As expected, M1CY-positive bundles overlap with the ER, whereas M85CY-positive bundles do not, but the insertion of M1CY into ER membranes is not sufficient to account for its perinuclear localization. Indeed, the N-terminal domain of spastin, but also M1Δ, which lacks the AAA cassette but contains the N-terminal region, localizes to larger extents with the ER network (Fig. 2). In addition, the level of MT acetylation, a PTM of tubulin concentrated at the cell center in several cell lines (Piperno et al., 1987), is not critical for the localization of M1CY or for those of M85CY and M1Δ (Fig. 5; Fig. S9). Moreover, M1Δ would decorate and bundle MTs, uniformly in HeLa cells and distally and less discontinuously than M1CY in neurons, suggesting that the presence of the AAA cassette is mandatory for the proximal localization of M1 mutants. Thus, the perinuclear localization of M1CY might result from cooperation between the N-terminal domain, the MTBD and the AAA cassette. The determinants of M85CY localization are more puzzling as this mutant decorates mainly a peripheral subset of MT bundles, indicating that its binding to MTs is regulated by parameters other than just the affinity of the MTBD (White et al., 2007) for MTs. To model our results, the interaction of cytosolic M85CY with a specific subset of MTs, not involved in ER dynamics, facilitates the formation of oligohexamers of M85CY (Eckert et al., 2012b) and hence bundling of MTs. On the contrary, both M1CY and M1Δ span the outer leaflet of ER membrane and simultaneously interact with MTs. Consequently, they may crosslink different ER tubules and bundle MTs. However, M1Δ, unlike M1CY, cannot form hexamers and interacts at most with only one MT at a time, likely forming less complex interactions between ER and MTs than M1CY. In this context, the lower stability observed for M85CY-positive bundles compared with that of M1CY-positive bundles can be explained by an increased stability of the hexameric structure of the latter as a result of insertion in the ER. The different behavior between M1CY and M1Δ might depend on the number of MTs involved and hence crosslinks between MTs and ER. Additional investigation will be needed to fully unravel the molecular mechanisms involved in the specific intracellular localization of these mutants. We could not exclude that isoform-specific molecular partners of spastin contribute to the different localization of M1CY and M85CY.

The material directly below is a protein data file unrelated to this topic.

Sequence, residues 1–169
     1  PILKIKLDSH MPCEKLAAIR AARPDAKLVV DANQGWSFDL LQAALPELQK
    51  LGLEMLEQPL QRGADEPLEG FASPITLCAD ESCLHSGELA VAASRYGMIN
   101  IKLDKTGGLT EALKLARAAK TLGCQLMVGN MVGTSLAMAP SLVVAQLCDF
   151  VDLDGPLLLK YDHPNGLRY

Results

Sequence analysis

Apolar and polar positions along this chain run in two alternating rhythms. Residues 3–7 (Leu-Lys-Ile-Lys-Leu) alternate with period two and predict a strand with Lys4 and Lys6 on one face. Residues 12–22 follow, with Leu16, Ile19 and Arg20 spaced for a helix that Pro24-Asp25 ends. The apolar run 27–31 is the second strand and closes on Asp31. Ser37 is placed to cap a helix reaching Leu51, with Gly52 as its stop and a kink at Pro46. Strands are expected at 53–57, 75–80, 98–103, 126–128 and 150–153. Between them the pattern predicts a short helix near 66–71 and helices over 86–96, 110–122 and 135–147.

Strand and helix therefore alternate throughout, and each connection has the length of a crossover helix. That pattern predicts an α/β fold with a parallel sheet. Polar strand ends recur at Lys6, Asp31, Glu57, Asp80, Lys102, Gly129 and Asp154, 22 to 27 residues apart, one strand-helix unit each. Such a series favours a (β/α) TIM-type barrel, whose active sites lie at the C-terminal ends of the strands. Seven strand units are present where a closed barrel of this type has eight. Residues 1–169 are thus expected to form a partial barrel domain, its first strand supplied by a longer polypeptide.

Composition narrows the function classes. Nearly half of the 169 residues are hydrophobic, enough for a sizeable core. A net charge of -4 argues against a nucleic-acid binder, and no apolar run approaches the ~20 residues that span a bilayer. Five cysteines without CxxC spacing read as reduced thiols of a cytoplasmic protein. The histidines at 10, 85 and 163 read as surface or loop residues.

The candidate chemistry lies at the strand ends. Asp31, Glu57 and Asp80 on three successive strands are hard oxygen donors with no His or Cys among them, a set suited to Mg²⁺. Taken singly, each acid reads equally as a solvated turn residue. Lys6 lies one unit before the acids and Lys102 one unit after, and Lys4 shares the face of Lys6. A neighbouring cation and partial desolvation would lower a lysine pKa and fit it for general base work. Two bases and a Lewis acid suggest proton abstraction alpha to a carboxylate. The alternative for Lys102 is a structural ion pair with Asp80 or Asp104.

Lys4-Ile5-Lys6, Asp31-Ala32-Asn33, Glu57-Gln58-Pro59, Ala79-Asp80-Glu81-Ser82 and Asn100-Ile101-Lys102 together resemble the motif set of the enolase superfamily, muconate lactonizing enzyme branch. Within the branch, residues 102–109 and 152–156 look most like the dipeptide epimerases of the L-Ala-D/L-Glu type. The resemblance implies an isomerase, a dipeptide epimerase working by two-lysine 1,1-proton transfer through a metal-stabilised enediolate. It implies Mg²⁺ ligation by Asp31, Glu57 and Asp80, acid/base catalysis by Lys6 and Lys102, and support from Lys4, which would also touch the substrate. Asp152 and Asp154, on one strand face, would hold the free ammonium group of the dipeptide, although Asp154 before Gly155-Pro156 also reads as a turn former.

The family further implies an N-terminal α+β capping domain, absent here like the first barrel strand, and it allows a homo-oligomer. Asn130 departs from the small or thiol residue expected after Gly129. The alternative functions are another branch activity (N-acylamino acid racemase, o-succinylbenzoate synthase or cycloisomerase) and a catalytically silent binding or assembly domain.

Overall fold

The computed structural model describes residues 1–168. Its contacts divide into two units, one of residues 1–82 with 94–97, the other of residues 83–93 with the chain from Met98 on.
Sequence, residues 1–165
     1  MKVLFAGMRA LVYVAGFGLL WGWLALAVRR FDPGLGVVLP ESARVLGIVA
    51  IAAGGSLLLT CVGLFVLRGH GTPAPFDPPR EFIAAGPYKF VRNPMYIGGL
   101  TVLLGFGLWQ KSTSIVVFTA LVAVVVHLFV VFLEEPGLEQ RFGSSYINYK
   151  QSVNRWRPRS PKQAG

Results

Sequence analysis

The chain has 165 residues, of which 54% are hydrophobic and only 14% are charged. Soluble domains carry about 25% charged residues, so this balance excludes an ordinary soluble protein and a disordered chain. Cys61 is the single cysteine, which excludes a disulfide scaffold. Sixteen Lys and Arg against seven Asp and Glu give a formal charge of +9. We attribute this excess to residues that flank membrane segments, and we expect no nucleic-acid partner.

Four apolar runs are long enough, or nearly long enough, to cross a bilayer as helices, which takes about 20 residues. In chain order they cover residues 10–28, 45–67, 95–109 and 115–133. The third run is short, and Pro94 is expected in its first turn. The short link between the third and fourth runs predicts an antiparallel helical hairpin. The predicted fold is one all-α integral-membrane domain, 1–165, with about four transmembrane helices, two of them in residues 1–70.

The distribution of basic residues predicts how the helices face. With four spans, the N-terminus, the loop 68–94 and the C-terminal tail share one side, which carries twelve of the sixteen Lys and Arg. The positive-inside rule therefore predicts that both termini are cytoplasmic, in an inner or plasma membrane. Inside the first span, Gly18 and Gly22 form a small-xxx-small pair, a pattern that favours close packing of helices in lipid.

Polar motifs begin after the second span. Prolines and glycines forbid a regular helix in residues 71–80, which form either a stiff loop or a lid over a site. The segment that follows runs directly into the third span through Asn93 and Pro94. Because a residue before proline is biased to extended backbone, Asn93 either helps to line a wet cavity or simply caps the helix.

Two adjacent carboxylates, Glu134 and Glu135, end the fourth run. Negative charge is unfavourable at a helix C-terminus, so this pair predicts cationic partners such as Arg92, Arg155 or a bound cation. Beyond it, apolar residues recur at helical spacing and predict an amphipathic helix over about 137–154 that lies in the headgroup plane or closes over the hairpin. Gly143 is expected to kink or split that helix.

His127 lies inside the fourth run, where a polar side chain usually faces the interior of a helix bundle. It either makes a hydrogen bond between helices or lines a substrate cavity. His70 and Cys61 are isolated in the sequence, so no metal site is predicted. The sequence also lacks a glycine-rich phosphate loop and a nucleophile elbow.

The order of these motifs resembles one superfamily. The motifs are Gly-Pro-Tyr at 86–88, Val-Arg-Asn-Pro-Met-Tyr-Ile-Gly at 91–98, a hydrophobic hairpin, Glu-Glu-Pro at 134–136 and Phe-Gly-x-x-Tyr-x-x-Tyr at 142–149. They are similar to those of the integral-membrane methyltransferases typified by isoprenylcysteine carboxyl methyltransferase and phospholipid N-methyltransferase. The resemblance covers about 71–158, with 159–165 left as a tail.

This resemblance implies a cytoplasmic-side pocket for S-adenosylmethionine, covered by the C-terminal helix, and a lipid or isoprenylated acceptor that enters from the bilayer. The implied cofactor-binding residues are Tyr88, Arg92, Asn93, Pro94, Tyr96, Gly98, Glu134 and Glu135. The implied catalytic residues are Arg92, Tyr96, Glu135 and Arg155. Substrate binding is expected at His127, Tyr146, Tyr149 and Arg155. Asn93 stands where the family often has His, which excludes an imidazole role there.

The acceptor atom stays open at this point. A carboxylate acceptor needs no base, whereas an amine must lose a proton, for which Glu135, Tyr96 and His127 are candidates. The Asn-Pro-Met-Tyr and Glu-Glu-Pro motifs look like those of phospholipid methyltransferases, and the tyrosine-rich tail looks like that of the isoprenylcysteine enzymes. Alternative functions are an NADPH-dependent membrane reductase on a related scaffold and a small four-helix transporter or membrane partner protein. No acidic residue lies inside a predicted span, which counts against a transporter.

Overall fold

Increased level of acetylated tubulin has previously been associated with defective spastin expression in neurons (Orso et al., 2005; Denton et al., 2014; Plaud et al., 2017). Interestingly, all spastin mutants led to a significant increase of this PTM of tubulin in HeLa and HEK cells. Our results are in agreement with previous observations (Evans et al., 2005) and are similar to the effect of overexpression of other MAP bundling proteins, such as MAP2c (MAP2) and Tau (MAPT) (Takemura et al., 1992). The increased level of acetylated tubulin is also observed in MTs that are not decorated by spastin mutants (Fig. 4; Fig. S5), suggesting the activation of signaling pathways likely involving the acetyltransferase α-TAT (Fig. 5), rather than the deacetylase HDAC6, which result in a hyperstabilization of the entire MT network. Because acetylation of tubulin has an important role in several cellular processes, including axonal transport, its spastin-induced enrichment might be implicated in the neurodegeneration process of HSP-SPG4. However, we were not able to confirm a similar effect in cortical neurons expressing M1 mutants (data not shown). This is likely due to the extremely high level of this PTM in neurons, or different mechanisms of regulation of PTMs of tubulin in these cells compared with endothelial cells. It is interesting to note that transgenic Drosophila bearing a K467R mutation in Spastin presented a hyperstabilization of the MT network (Orso et al., 2005). This mutation corresponds to K388R in human spastin protein which, similarly to C448Y, constitutively binds MTs (Errico et al., 2002; Evans et al., 2005).